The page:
Active Notification Blocking
How to Use ‘Do Not Disturb’ on Your iPhone More Effectively
For most people, the Do Not Disturb feature on their iPhone (or iPad) is binary. It’s either off — and your phone is buzzing/beeping every time you get a call, iMessage, email or Tinder match — or it’s on, and nothing is bothering you while you sleep (save for Amber Alerts). The thing is, Do Not Disturb is actually a more sophisticated feature. You can program it so only certain people’s calls get through, or make it so you only get alerts when you’re actually using your iPhone (or iPad). Or you can schedule times for Do Not Disturb to turn off and on automatically. Here’s how.
And just a reminder: to access Do Not Disturb on your iOS device, swipe up from the bottom to access the Control Center and then tap the crescent moon icon. To edit your Do Not Disturb settings, open the Settings app and select Do Not Disturb.
Schedule specific times for Do Not Disturb to kick in.
This can come in handy if you don’t want to have to remember to turn Do Not Disturb on and off. And it’s simple to set up. After selecting Do Not Disturb in your Settings app, you’ll see a “Scheduled” option — click it. From there you’ll be getting the option to set a specific start and end time for your quiet hours. Unfortunately, you can only schedule one block of quiet hours, so you can’t schedule Do Not Disturb to kick in from 7 p.m. – 8 p.m. and 10 p.m. – 6 a.m. Hopefully that’ll change with a future iOS update.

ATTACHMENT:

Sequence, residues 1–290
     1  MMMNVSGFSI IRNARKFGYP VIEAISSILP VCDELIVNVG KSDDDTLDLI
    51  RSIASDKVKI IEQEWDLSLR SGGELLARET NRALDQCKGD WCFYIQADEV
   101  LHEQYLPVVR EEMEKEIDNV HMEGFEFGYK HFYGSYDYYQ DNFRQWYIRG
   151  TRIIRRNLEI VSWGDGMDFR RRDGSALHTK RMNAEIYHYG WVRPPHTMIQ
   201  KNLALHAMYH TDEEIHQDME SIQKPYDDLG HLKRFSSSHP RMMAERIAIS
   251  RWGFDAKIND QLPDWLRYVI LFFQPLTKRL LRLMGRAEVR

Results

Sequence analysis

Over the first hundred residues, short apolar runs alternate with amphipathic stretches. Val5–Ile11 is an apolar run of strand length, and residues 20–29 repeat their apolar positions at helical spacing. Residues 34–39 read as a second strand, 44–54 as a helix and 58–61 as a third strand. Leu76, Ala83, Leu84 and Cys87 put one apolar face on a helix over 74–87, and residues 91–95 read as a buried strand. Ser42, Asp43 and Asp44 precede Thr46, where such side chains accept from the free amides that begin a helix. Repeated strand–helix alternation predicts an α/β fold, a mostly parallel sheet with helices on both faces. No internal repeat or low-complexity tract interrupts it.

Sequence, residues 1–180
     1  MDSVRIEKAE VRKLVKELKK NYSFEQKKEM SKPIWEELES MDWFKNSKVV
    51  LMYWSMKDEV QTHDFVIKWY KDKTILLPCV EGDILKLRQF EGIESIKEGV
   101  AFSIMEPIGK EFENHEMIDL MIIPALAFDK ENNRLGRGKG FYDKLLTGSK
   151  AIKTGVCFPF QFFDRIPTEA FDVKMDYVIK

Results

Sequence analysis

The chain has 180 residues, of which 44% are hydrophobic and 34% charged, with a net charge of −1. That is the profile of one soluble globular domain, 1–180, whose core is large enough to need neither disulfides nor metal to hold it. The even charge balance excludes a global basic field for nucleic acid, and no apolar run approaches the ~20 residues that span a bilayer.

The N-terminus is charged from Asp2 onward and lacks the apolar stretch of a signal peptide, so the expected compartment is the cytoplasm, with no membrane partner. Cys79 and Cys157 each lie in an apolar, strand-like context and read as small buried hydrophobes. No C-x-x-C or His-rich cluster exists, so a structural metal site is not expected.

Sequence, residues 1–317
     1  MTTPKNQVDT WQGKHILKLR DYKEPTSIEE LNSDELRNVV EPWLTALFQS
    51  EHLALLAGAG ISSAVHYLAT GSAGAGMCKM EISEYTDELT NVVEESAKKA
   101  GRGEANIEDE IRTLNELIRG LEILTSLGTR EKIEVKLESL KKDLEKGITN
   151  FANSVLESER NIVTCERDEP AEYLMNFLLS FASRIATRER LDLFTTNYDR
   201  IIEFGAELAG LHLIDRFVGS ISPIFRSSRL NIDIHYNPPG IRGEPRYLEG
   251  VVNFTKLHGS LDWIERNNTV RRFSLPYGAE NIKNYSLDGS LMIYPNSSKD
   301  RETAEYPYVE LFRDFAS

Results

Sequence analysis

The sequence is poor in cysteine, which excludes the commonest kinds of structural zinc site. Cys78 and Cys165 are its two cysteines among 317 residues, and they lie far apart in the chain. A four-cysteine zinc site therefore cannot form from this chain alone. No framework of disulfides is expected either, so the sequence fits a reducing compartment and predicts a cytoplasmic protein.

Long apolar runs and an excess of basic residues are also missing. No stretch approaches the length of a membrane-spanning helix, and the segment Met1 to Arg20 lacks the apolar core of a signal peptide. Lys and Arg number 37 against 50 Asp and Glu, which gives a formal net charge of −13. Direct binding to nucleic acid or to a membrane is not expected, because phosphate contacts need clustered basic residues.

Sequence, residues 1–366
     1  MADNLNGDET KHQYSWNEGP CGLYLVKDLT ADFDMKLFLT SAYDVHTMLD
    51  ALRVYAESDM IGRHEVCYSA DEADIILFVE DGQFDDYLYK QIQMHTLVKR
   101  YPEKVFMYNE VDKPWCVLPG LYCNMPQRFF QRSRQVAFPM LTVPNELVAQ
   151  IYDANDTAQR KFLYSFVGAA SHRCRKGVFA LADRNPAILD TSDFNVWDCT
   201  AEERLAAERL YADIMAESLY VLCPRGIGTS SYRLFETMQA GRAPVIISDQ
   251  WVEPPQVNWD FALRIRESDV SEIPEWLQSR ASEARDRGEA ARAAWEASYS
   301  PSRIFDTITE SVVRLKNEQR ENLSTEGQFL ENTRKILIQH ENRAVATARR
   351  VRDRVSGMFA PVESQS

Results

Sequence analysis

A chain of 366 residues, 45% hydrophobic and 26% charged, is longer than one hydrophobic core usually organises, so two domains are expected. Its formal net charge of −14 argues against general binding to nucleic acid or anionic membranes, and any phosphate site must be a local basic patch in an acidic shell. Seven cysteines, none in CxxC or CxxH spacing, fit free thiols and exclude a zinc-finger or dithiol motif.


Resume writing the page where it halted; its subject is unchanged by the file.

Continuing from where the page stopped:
Allow calls and messages from specific people to get through.
Even in Do Not Disturb mode, you can still get notifications from people if you allow them. Select the “Allow Calls From” option and you’ll get to choose between allowing calls from either everyone, no one or the people who you’ve designated as your “favorites.” If you’ve never touched this feature, the default setting is to allow your favorite callers to go through.
Make Do Not Disturb turn on and off as you’re using your iOS device.
When you turn on Do Not Disturb, its default setting will block all notifications even if you’re using the phone. This can be a good thing if you’re trying to be productive, or an annoyance if you want to get notifications because you’re already using the device. To adjust this, go to the “Silence” section of Do Not Disturb’s settings. Here, you can pick between “always” and “while the iPhone [or iPad] is locked.” The first option is good if you want to prevent notifications or calls altogether. The latter will only allow them if you’re using the device, not if it’s locked by your bedside or in your pocket.
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